She stated that optimising nutrition early in life — including the first 1000 days from conception to a child’s second birthday —ensures the best possible start in life, with long-term benefits.
Continuing, she said, “According to a study by Freedman (2006) in less developed and developing countries, it has been observed that wealthier families are more prone to being overweight and obese than poor families.
“This is because of their tendency to consume less nutritious, but expensive fast food, over nutrition.
“Children from wealthy homes are prone to sedentary lifestyles owing to the advancement in technology e.g. having to stay long at a place playing video games thereby having less time for physical activities/exercise, going to school by car to less than a kilometer distance, etc.
“But other factors play an important role – for obesity – lack of physical activity is a major driver, sedentariness has increased tremendously.”
Giving insight into the health and economic implications of malnutrition, the dietician said, “Poverty amplifies the risk of, and risks from malnutrition. Poor people are more likely to be affected by different forms of malnutrition.
“Also, malnutrition increases health care costs, reduces productivity, and slows economic growth, which can perpetuate a cycle of poverty and ill health.
“Childhood malnutrition, including overnutrition, increases a child’s susceptibility to several different infections and often delays recovery from these infections thus posing a large burden of disease in developing countries.
“Malnutrition, in all its forms, includes undernutrition (wasting, stunting, underweight), inadequate vitamins or minerals, overweight, obesity, and resulting diet-related noncommunicable diseases.”
Asouzu explained that household income remains a crucial factor in determining both childhood health and nutrition, adding that malnutrition mostly occurs in low- and middle-income countries.
The dietician said, “Globally in 2020, 149 million children under five were estimated to be stunted (too short for age), 45 million were estimated to be wasted (too thin for height), and 38.9 million were overweight or obese.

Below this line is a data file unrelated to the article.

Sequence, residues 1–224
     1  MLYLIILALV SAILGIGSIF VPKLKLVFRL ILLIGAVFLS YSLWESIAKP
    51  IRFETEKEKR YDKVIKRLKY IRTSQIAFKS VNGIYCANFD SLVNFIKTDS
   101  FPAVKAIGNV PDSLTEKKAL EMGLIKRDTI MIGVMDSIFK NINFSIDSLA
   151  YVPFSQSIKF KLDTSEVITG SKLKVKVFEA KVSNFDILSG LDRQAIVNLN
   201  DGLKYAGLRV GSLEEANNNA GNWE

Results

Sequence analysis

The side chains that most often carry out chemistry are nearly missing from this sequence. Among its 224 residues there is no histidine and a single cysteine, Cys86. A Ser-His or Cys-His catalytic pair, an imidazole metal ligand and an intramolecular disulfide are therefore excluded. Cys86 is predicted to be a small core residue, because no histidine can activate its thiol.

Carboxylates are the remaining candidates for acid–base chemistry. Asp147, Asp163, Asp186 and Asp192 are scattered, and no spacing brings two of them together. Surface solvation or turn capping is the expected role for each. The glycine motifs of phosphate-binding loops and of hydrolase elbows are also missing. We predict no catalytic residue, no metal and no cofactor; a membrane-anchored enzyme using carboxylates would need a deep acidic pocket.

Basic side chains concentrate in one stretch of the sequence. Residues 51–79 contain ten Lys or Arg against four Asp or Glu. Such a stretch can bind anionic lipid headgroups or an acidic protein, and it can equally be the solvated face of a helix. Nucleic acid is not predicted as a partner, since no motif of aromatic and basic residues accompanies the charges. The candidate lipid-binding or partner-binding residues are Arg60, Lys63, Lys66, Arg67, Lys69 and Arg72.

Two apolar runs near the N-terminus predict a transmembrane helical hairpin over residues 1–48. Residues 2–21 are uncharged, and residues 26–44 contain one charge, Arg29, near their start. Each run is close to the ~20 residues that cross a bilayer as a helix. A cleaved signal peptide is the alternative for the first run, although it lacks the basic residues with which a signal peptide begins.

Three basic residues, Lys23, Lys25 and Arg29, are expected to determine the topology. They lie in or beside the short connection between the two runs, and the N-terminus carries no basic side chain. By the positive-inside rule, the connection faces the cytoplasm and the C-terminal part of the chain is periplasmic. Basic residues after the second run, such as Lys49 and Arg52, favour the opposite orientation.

“Around 45 per cent of deaths among children under five years of age are linked to undernutrition. These mostly occur in low- and middle-income countries.”
Asouzu called for increased mothers’ education, affirming that a mother’s education provides better access to knowledge and awareness, proper feeding practices, and better hygiene.
“Mothers need to avoid ultra-processed foods in the child’s diet and make conscious healthy choices,” she said.
Also speaking with Reportr Door HealthWise, a Lagos-based Registered Dietician-Nutritionist, Cynthia Onyekwere, said lack of nutritional knowledge and poor complementary feeding practices contribute to the burden of childhood malnutrition in the country.
Onyekwere explained, “When a child’s diet is lacking in energy, protein and essential micronutrients, over time it leads to a compromised immune system which in turn increases his or her chances of coming down with infectious diseases.
“Lack of nutritional knowledge, poor complementary feeding practices, low socioeconomic status – to mention but a few – are some of the causes of protein-energy malnutrition and micronutrient deficiencies amongst children.”
In a 2016 article published on its website titled, ‘Child malnutrition in Nigeria: Evidence from Kwara State’, the International Food Policy Research Institute, Washington DC, United States, said poverty and a lack of awareness seem to be at the heart of the problem of childhood malnutrition in Nigeria.